An exciting week in Barcelona

The protests continue in Catalunya:

Separatist Catalan leaders on Saturday called on the Spanish government to hold talks as thousands protested for a sixth day in Barcelona.

Protestors accused police of “repression” and chanted “we are people of peace” following a night of clashes during which nearly 200 people were hurt.

They called riot police who had sealed off the demonstration “occupation forces” and one young demonstrator who asked to remain anonymous told AFP: “For me, this is not violence, it is self defence.”

Overnight Friday, radical separatists had hurled rocks and fireworks at police who responded with tear gas and rubber bullets.

Regional interior minister Miquel Buch, who backs the movement for independence, urged protestors to be peaceful on Saturday.

Regional president Quim Torra meanwhile said in a speech: “We exhort the head of the government to fix today a day and hour to sit with us for unconditional talks.”

His demand for “unconditional” negotiations, addressed to Spanish Prime Minister Pedro Sanchez, appeared to be aimed at ensuring that a referendum on independence, currently a non-starter for Madrid, was up for discussion.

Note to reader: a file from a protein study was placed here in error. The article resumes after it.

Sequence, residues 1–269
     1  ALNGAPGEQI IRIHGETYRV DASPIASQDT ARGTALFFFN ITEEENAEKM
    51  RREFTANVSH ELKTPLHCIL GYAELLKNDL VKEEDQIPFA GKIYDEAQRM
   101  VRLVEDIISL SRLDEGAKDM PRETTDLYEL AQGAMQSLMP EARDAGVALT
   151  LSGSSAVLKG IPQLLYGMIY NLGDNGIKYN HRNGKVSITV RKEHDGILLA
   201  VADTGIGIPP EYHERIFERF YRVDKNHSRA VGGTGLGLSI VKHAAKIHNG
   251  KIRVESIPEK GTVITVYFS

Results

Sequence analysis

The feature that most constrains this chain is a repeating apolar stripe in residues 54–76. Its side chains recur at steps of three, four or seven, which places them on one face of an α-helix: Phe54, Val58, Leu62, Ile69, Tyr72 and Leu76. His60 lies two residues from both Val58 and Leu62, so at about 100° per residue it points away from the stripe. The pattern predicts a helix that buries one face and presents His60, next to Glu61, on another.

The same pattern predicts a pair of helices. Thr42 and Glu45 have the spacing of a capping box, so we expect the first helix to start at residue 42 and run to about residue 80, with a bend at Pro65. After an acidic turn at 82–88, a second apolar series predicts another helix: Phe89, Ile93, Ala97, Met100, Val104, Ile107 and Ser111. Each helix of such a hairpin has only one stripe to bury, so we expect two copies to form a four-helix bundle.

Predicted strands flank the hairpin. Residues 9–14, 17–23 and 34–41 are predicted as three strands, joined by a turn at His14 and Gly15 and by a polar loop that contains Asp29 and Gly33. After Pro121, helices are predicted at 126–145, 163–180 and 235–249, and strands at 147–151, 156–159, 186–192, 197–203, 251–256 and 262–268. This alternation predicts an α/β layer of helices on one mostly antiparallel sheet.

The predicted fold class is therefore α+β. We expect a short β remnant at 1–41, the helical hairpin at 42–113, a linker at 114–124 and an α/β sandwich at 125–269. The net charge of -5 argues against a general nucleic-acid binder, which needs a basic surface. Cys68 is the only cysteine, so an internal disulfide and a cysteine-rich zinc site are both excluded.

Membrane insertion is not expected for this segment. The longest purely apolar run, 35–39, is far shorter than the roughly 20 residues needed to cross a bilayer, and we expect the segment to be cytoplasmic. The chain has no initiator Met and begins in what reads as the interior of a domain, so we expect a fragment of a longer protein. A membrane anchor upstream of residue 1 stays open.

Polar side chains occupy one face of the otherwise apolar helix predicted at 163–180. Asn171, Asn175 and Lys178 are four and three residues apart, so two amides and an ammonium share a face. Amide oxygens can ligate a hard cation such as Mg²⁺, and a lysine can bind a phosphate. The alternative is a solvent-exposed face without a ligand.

Barcelona has been rocked all week by protests against a Spanish court’s jailing of nine separatist leaders on sedition charges over the failed 2017 independence bid.

Emergency services said Saturday that 152 people had been injured in overnight clashes in Barcelona. Dozens more hurt elsewhere in Catalonia, taking the total to 182.

Authorities had already reported 500 injured since protests started Monday.

The reality is that the world is barely beginning to enter into a retractionary period, which means that ALL of the active irredentist movements from Catalonia to Scotland to the US southwest are likely to eventually achieve their goals of separation and political sovereignty.

Those who don’t understand socionomics or the patterns of history will naturally be inclined to be skeptical, but then, how many of them foresaw these developments nearly 30 years ago when the Swiss and Norwegian votes to reject the European Union, in 1992 and 1994, respectively, signaled the beginning of the end of the massive global expansionary cycle that followed the first world war.


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